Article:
The BBC is reporting that Education Secretary Nicky Morgan has held out an olive branch to the teaching profession in England with the promise to reduce their workload…
Speaking to the Conservative party conference, she said it would be her priority to “reduce the overall burden on teachers”.
Mrs Morgan said parents did not want stressed and exhausted teachers.
The National Union of Teachers has threatened to strike over excessive workload…
On Tuesday, the NUT published a report saying that thousands of teachers were considering quitting because of the negative impact of excessive workload on their lives.
But Mrs Morgan reached out to teachers, the “heroes” of the education system, promising that she would make a priority of reducing their workload.
She said she sympathised with teachers “working late into the night marking books, planning lessons, preparing for inspections that may or may not come”.
And she told delegates: “I don’t want my child to be taught by someone too tired, too stressed and too anxious to do the job well.”
She also promised to find ways for teachers to spend more of their time in the classroom teaching.
Mrs Morgan said she would work with teachers’ unions and representatives to discuss problems with workload – and to “treat them as the professionals they are”.
In her first conference speech as education secretary, Mrs Morgan struck a conciliatory tone, in contrast to the often strained relations between the teaching profession and her predecessor Michael Gove.
The conference gave prolonged applause to Mr Gove when his reforms were praised in Mrs Morgan’s speech.
The education secretary announced plans for the opening of a further 35 free schools which will create 22,000 more places, including 17 new schools in London.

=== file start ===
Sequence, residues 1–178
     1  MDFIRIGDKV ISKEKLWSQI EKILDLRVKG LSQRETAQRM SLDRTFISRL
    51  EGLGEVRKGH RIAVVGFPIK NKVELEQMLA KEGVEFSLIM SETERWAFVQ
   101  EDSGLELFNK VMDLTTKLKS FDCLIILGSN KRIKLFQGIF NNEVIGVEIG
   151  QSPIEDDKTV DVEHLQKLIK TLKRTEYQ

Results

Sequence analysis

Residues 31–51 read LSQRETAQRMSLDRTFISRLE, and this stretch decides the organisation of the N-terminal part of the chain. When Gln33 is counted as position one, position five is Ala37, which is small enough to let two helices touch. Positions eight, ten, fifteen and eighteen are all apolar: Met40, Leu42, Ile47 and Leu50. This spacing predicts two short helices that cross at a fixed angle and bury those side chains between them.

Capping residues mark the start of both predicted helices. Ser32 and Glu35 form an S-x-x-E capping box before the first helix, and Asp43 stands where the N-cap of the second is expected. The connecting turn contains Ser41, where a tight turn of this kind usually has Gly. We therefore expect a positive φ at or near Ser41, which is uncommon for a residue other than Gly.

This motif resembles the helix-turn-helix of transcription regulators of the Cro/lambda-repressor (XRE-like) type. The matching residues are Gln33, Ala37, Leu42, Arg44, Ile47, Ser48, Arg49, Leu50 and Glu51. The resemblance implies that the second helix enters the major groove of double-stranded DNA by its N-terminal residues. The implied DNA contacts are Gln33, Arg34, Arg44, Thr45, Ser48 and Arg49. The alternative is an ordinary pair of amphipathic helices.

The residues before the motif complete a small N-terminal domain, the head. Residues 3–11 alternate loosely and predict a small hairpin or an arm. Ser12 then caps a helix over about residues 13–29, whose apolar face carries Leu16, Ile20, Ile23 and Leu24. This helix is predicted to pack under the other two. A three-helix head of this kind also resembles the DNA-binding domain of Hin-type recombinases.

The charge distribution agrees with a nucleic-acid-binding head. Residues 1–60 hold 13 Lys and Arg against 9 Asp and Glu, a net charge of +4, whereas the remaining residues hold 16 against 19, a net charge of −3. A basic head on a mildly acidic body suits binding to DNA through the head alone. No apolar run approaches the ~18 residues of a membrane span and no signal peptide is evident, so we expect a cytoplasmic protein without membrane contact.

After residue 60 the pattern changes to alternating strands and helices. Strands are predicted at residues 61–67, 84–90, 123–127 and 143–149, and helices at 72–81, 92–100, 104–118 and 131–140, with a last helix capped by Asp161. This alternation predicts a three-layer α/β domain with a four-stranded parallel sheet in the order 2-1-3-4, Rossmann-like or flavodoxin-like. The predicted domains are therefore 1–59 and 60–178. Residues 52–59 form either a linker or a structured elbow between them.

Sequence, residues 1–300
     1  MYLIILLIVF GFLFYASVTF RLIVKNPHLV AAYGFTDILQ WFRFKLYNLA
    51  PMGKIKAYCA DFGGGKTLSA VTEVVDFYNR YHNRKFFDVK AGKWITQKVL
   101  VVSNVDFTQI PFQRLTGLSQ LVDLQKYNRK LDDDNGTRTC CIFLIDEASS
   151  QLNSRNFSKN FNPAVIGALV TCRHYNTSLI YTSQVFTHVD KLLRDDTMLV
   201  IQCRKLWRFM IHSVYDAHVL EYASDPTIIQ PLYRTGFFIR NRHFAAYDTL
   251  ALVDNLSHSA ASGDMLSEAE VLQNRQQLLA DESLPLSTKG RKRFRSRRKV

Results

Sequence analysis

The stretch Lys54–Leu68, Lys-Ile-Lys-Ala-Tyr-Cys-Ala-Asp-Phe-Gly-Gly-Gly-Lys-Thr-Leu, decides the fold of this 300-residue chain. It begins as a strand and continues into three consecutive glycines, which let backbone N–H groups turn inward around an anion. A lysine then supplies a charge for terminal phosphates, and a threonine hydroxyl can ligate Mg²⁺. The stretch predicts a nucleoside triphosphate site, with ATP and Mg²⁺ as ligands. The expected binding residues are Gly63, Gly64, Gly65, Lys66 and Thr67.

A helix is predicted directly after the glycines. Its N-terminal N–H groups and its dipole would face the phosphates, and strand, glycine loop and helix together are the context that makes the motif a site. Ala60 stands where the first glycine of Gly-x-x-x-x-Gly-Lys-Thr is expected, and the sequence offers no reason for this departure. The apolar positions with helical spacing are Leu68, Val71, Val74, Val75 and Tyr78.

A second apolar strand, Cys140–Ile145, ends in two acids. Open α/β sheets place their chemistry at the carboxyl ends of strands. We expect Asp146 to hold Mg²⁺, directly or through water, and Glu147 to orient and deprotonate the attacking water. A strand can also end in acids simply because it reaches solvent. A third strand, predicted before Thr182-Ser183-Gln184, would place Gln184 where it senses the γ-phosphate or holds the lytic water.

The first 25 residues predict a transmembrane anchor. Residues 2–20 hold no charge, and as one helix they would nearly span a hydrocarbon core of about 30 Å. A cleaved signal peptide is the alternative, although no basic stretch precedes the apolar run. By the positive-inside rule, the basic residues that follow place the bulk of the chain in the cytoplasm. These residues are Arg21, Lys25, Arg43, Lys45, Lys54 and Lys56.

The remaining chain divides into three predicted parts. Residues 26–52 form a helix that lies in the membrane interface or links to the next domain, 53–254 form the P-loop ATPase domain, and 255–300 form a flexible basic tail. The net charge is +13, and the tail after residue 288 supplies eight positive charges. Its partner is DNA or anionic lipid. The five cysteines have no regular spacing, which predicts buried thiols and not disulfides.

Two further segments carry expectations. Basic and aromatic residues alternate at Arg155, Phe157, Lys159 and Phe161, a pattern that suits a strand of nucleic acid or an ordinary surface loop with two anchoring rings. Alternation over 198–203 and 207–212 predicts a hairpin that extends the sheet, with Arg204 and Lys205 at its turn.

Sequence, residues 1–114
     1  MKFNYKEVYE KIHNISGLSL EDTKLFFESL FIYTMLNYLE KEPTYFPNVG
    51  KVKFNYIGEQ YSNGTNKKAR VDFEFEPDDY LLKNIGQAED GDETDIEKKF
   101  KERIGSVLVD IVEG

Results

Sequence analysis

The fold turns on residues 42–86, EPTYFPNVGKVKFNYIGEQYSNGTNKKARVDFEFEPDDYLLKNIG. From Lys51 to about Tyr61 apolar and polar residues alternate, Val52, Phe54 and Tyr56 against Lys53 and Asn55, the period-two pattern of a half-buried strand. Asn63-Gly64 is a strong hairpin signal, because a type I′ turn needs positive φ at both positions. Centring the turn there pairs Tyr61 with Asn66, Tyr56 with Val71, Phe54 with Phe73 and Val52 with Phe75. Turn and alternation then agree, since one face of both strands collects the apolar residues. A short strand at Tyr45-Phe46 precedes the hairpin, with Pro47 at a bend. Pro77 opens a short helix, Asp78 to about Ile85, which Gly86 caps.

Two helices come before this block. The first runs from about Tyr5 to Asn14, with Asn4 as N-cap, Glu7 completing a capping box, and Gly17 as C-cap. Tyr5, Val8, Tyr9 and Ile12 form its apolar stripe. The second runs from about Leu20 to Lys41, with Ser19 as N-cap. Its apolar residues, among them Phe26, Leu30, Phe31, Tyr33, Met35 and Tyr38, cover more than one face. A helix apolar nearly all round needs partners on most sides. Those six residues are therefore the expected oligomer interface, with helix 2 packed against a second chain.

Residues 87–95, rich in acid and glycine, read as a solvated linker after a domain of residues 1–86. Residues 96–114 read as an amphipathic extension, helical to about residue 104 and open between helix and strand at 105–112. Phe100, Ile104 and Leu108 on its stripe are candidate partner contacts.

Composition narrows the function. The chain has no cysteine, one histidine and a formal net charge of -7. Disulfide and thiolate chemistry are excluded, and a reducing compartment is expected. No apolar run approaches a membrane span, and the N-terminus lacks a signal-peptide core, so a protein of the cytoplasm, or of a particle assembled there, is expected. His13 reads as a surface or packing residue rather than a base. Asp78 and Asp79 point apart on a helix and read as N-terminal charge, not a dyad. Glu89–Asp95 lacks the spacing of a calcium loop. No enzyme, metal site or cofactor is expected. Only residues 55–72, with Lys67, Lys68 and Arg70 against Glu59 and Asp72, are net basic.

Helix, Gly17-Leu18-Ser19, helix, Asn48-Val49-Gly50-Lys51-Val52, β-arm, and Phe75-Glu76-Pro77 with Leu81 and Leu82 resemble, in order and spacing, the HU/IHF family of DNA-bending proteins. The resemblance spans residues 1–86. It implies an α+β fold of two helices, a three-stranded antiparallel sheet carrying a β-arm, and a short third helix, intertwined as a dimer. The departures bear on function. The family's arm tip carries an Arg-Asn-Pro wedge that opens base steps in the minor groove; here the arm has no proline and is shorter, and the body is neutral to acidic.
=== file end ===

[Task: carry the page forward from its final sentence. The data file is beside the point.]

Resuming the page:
But her speech also emphasised the importance of valuing all kinds of schools in England.
Mrs Morgan signalled changes to the provision of careers’ services. There have been widespread warnings about shortcomings in careers’ advice, including from the education select committee and the CBI.
In particular there were concerns about careers’ advice being made the responsibility of individual schools.
She said that careers’ advice had been “too long overlooked in schools” and that it was a “vital part of our long-term economic plan”.
Brian Lightman, head of the Association of School and College Leaders, welcomed the promise for greater trust in the teaching profession.
But he said that to give schools the flexibility they needed that “accountability measures need to be slimmer and smarter”.
Chris Keates, leader of the NASUWT teachers’ union, welcomed the recognition of how teachers’ lives were “blighted by excessive workload”.
But she said the education secretary needed to recognise that government policies were contributing this increase in workload…
Your reactions to this report of Nicky Morgan’s party conference speech? Encouraged? Cynical? Disappointed? let us know in the comments or via twitter…
Don’t forget you can sign up to receive our daily email bulletin every morning (around 7 am) with all the latest schools news stories. Your details will never be given to anyone else and you can unsubscribe at any stage. Just follow this link!